I’m not saying that you shouldn’t Instagram or blog your beautiful table setting. I mean, that would be ridiculously hypocritical. But don’t let the real moments of joy and beauty pass you by because of an unnecessary (or even unattainable) standard.

Recognizing the Kairos Moments

In her well-known essay “Don’t Carpe Diem,” author Glennon Doyle Melton writes the following, “Kairos is God’s time. It’s time outside of time. It’s metaphysical time. Kairos is those magical moments in which time stands still. I have a few of those moments each day, and I cherish them… And at the end of the day, I don’t remember exactly what my kairos moments were, but I remember I had them. And that makes the pain of the daily parenting climb worth it.”

A few years back, my husband got some free tickets to an Angels game. We were so excited to take our kids to a baseball game and share the experience with them. I’m sure the game was fun, but what I really remember is my son letting loose the most horrendous diaper explosion ever on our way into the parking lot. No, cleaning him up was not a magical kairos type of moment. But laughing with my husband about the situation on the way home definitely was!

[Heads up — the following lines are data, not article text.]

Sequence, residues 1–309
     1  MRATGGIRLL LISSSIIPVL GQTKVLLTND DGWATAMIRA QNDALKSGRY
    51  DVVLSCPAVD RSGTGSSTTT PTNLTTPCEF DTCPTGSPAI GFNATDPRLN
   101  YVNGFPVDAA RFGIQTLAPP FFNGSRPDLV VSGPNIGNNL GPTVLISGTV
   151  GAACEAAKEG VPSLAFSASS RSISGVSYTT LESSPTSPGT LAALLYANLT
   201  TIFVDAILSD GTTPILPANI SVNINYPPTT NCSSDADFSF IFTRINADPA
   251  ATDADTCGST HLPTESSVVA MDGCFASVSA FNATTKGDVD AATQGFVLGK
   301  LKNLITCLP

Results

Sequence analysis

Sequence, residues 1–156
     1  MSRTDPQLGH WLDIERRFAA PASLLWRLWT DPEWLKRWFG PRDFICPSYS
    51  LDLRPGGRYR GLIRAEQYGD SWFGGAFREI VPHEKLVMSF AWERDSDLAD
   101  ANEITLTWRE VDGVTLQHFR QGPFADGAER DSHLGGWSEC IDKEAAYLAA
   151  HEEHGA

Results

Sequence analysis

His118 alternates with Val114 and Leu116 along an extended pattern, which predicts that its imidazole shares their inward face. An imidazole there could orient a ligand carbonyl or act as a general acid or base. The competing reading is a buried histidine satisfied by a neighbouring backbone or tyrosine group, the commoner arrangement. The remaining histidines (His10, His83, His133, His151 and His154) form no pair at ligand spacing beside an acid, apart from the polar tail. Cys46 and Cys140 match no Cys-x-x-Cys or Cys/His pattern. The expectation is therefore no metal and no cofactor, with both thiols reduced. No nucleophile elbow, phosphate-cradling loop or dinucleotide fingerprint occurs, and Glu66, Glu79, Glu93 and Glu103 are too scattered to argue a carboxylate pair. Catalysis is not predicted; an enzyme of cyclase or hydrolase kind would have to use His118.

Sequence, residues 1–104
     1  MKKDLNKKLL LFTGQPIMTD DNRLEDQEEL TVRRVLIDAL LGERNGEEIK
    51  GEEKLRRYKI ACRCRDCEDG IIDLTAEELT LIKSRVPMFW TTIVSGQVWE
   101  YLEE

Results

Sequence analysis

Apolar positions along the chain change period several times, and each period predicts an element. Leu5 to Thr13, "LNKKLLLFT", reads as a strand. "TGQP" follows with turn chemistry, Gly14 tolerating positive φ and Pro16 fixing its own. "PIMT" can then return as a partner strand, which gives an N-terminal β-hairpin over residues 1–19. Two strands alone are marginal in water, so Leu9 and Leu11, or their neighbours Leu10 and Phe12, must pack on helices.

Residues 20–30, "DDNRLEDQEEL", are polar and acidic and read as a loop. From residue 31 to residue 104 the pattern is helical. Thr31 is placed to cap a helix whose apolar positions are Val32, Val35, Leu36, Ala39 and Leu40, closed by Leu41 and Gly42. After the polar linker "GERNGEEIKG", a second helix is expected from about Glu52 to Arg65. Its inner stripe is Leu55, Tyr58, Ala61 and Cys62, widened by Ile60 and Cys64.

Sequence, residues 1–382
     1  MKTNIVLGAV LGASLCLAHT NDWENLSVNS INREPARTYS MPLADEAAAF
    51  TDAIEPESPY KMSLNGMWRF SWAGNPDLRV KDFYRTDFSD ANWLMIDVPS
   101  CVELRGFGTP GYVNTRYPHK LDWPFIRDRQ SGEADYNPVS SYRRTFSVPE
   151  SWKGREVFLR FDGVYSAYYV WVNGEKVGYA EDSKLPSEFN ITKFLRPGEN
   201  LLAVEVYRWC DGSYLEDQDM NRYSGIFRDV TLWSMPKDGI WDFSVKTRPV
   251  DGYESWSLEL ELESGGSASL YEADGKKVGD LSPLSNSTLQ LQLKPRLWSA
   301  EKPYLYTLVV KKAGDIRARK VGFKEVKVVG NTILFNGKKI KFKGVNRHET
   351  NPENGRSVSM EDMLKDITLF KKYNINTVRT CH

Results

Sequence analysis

Seeing the pride on my daughter’s face as she directs our guests to look for their names on her carefully hand-drawn place cards… definitely a kairos moment.

As I plan out the fun things I want to do with our kiddos this summer, I want to be careful to reign in my own expectations. Instead of worrying about mapping out memories, I want to make time for the story to unfold on its own. After all, the most memorable moments of my life weren’t carefully orchestrated, but they happened anyway.

 

{Linking up to Thoughtful Thursdays, Salt & Light}

Share with a friend: